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Often Overlooked, Judicial Appointments Issue Looms in Election

More than 200 federal judges have been appointed since President Trump took office.(Mariakray/Adobe Stock)
More than 200 federal judges have been appointed since President Trump took office.(Mariakray/Adobe Stock)
October 26, 2020

SEATTLE -- A lot of focus is on the likely confirmation of Amy Coney Barrett to the U.S. Supreme Court today. But federal judicial appointments to lower courts could be just as crucial to the legacy of the Trump presidency.

Larry Shannon, government affairs director at the Washington State Association for Justice, said lifetime selections for district, circuit and appeals court judgeships will have impacts for decades to come.

"It affects our lives in so many ways that are clear and that are hidden to us," Shannon said; "ways that we can't even necessarily anticipate right now."

As Republicans have controlled the Senate and presidency for the past four years, they've been able to appoint 219 judges under President Donald Trump, according to the American Constitution Society. Trump inherited more than 100 vacancies because Senate majority leader Mitch McConnell refused to confirm most of President Barack Obama's appointments in his final two years in the White House.

Shannon is concerned the fast-tracking of nominations has led to the approval some unqualified candidates, including ideology-driven judges and nominees with no trial experience. He said this could tarnish the image of the courts.

"The bottom line is going to be a destruction in people's faith in the courts as a neutral arbiter of what's right and what the law is supposed to be," Shannon said.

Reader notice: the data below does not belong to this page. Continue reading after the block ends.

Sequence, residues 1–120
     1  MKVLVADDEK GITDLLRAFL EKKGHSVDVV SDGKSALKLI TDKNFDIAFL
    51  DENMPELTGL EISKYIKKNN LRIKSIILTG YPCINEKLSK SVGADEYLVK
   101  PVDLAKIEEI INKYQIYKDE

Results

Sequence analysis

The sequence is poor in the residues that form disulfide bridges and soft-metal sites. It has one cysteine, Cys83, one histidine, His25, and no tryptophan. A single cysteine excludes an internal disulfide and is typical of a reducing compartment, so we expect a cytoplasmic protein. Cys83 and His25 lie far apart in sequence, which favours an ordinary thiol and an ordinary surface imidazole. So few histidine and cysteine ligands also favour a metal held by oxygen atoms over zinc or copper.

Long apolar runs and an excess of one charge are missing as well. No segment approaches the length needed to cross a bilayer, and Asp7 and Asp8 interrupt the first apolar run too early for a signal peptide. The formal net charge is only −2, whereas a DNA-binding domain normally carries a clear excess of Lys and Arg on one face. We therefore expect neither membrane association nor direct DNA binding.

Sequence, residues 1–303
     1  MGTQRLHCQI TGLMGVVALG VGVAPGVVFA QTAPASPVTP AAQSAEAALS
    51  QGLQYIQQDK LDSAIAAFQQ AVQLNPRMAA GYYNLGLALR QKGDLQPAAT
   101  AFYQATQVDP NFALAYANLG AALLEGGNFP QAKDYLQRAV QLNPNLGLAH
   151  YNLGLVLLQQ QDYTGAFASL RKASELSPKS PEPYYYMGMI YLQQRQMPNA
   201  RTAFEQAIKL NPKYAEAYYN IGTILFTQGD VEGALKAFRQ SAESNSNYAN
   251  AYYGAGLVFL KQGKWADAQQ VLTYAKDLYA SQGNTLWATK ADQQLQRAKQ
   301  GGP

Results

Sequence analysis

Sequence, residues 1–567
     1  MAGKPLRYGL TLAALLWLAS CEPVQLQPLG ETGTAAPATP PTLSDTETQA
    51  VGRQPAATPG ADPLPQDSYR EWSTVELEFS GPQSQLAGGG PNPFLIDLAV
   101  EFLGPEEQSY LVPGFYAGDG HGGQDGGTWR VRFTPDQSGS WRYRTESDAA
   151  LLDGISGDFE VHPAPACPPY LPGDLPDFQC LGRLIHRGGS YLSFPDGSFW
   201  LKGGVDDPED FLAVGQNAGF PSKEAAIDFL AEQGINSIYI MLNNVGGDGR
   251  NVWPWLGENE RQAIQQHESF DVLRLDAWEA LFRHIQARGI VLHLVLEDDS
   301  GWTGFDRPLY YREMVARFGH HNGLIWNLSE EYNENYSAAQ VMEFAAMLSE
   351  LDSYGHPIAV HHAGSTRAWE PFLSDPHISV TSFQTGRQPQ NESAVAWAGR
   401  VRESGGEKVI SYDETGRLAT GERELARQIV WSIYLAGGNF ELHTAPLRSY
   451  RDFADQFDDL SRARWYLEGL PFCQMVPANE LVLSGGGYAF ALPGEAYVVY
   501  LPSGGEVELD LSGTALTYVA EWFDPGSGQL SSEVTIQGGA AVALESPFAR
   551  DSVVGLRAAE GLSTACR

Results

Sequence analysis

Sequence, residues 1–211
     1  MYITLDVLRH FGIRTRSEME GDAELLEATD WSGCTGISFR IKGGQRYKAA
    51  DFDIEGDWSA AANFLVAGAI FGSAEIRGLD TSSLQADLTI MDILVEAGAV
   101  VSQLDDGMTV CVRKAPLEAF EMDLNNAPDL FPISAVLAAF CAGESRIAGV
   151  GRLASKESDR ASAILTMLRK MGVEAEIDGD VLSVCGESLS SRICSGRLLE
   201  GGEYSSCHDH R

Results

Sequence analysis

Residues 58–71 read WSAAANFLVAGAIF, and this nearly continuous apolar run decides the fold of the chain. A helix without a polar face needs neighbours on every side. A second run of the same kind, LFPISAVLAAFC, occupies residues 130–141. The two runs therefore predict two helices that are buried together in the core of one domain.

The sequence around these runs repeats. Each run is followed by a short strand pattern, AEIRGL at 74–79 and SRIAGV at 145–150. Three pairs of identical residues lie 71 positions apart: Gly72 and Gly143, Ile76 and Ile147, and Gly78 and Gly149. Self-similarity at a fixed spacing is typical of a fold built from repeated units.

Sen. McConnell has touted the record number of appointments over the past four years as one of his greatest achievements during his time in office.

Shannon sees the impact of these judges stretching far beyond hot-button social issues. He said the role of corporations and insurance companies are decided in federal courts.

"Issues around liability, around employment, around discrimination are becoming more and more of an eye of the needle that any injured person is going to have to get through in order to maintain a claim as the law gets whittled down and more and more barriers are put up," he said.

Shannon said he hopes the process of appointing federal judges will be less partisan after this election.

"There needs to be a level of quality and independence in the judiciary," he said. "And if we don't have that, we really start to tear out the fabric of faith and trust in our institutions that is so fundamental to our democratic republic."

Disclosure: Washington State Association for Justice contributes to our fund for reporting on Consumer Issues. If you would like to help support news in the public interest, click here.
Eric Tegethoff, Public News Service - WA